FWC charges St. Lucie man with illegal possession of venomous snake
February 18, 2011
Contact: Gabriella B. Ferraro, 772-215-9459
Investigators with the Florida Fish and Wildlife Conservation Commission (FWC) charged a St. Lucie County man with a first-degree misdemeanor for having a venomous snake in his home without a proper permit. Kevin A. Castle (DOB 02/27/71) of Fort Pierce was also issued two warnings for improper caging. A first-degree misdemeanor is punishable by up to one year in jail and up to a $1,000 fine.
Working on a tip, investigators visited Castle’s home on Jan. 28 and observed an Eastern diamondback rattlesnake in an unlocked cage on the back porch. The cage was not properly marked or identified as containing a venomous reptile. Investigators seized the snake.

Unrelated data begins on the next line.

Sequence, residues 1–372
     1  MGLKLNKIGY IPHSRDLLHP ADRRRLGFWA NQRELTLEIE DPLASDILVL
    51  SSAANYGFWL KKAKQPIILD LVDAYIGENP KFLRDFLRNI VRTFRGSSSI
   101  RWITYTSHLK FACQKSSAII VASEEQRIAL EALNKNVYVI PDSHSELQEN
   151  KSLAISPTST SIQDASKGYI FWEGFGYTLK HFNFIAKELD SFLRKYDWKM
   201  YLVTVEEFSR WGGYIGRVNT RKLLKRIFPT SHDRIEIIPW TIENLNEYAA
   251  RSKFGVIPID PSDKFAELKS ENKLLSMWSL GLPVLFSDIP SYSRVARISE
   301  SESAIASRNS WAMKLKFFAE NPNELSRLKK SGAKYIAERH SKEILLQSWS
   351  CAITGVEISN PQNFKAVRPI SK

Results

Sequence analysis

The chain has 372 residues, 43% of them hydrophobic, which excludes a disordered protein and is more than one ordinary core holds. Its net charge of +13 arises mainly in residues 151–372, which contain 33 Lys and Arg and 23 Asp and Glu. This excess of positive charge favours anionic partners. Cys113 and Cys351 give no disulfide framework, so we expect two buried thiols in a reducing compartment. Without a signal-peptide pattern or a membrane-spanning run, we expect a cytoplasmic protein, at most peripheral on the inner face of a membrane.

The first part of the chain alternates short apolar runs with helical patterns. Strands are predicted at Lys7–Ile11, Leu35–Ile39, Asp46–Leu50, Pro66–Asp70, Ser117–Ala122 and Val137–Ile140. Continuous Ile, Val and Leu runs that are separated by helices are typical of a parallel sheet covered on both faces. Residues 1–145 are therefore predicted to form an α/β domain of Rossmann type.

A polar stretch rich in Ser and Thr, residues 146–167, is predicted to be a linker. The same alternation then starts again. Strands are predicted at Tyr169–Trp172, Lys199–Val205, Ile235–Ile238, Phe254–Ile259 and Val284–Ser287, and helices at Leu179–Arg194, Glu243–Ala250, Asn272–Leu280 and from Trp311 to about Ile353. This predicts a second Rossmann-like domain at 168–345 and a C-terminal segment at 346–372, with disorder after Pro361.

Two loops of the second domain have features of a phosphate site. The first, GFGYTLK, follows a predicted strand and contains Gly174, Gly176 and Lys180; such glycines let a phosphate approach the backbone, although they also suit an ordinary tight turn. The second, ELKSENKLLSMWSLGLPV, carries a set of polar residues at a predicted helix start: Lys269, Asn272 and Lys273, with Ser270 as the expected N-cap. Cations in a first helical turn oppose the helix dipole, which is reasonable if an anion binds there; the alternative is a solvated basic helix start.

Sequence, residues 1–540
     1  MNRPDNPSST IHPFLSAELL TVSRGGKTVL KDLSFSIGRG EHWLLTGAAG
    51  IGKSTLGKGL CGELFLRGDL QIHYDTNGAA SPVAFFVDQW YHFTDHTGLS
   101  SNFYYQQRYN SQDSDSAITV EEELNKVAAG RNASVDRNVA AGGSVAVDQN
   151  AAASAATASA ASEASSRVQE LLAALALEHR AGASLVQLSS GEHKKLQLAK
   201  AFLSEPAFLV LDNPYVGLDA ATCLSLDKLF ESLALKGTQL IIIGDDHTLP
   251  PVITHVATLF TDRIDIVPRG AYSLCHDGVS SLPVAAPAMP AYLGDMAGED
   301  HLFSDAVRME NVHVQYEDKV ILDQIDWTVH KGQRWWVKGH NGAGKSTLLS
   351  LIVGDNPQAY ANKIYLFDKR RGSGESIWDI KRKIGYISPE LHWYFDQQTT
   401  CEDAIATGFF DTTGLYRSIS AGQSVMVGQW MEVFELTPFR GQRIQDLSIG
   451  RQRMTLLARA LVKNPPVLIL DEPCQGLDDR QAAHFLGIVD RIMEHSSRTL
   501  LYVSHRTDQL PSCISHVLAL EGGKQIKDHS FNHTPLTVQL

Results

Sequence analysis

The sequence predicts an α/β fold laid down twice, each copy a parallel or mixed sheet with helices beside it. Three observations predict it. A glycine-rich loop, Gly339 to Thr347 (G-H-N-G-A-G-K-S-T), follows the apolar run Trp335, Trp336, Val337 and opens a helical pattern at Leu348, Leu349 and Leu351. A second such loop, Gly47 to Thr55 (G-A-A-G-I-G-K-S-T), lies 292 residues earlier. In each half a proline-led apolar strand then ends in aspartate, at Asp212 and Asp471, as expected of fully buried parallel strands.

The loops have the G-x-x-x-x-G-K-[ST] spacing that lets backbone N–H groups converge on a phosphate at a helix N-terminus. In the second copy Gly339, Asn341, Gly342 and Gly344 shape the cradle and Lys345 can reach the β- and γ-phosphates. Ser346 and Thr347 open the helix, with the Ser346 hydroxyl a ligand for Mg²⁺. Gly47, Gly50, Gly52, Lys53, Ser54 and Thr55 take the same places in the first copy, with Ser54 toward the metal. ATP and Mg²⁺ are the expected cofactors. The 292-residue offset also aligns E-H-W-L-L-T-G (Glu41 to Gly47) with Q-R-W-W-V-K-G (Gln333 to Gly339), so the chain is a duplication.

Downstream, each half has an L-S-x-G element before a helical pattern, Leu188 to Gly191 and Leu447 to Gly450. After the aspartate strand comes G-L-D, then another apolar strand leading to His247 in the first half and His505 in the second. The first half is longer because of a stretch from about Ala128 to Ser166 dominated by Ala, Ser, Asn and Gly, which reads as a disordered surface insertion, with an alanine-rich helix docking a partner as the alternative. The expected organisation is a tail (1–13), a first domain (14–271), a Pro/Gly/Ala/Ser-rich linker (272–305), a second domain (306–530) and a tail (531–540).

The Eastern diamondback is a large rattlesnake native to Florida. Adults can grow to an average of 3-6 feet in length and can weigh up to 10 pounds.
Diamondback rattlesnakes can strike from a distance equal to two-thirds of their body length. They are best left alone when encountered. It is illegal to possess or transport these snakes without a permit.
“We take captive wildlife regulations very seriously,” said FWC Lt. Chris Harris. “Proper permitting, cage and security requirements for venomous snakes are important public safety issues.”